Compost, of course. Here at BRTG, we are trying to provide the nutrients needed by our voracious vegetables by composting both kitchen waste and the excess organic matter put out by the ornamental part of the garden. We have not yet succeeded. But one element of the plan that is working is the NatureMill Automatic Composter:
This small machine fits under a standard kitchen counter. It uses very little power (a small blower forces extra oxygen into the composting chamber and an electric motor rotates the composting material every four hours). Be sure to get the “Pro Edition,” which is sturdier and will last longer. Be careful not to over-load. The result speaks for itself:
Compost is pure poetry to a gardener, so I cannot resist leaving you with some Walt Whitman:
Behold this compost! behold it well!
Perhaps every mite has once form’d part of a sick person–yet behold!
. . .
Out of its little hill faithfully rise the potato’s dark green leaves,
Out of its hill rises the yellow maize-stalk, the lilacs bloom in
The summer growth is innocent and disdainful above all those strata of sour dead.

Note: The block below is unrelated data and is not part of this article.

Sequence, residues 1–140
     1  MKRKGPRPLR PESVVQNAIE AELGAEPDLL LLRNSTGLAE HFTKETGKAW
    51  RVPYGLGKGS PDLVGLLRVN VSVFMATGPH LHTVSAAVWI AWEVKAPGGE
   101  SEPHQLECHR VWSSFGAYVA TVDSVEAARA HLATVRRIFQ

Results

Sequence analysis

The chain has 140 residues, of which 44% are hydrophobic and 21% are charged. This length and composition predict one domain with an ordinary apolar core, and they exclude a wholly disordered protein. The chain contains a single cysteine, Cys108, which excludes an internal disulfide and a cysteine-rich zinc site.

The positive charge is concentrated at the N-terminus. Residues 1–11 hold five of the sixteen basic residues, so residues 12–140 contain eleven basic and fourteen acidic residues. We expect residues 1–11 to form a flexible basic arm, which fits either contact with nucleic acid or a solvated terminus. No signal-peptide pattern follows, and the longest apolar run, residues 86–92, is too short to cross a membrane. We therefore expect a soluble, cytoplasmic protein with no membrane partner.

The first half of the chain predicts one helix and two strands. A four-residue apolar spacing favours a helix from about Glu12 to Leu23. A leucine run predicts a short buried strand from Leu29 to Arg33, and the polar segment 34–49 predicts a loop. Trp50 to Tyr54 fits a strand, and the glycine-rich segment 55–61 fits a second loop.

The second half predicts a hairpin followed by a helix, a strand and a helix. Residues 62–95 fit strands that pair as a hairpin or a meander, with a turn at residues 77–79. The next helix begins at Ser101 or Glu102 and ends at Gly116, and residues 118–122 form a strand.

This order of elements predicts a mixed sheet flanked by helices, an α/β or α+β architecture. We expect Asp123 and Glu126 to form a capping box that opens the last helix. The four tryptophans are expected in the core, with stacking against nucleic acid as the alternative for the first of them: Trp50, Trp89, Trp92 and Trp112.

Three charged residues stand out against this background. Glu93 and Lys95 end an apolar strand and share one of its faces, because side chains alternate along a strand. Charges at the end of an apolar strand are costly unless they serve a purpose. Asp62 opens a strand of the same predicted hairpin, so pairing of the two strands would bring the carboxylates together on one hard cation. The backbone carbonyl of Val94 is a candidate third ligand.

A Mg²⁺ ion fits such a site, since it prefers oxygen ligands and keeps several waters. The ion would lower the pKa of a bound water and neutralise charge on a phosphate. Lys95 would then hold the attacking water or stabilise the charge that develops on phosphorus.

. . .
Now I am terrified at the Earth, it is that calm and patient,
It grows such sweet things out of such corruptions,
It turns harmless and stainless on its axis, with such endless
successions of diseas’d corpses,
It distills such exquisite winds out of such infused fetor,
It renews with such unwitting looks its prodigal, annual, sumptuous crops,
It gives such divine materials to men, and accepts such leavings
from them at last.
Best post yet. There’s something really magnificent about the combination of your photos and the poetry. Also, I had no idea that the sentimental phrase, often quoted, about lilacs blooming in the dooryard, came from such a harsh source. And the gift of a new word, “fetor!” I will try to use it today. Out loud.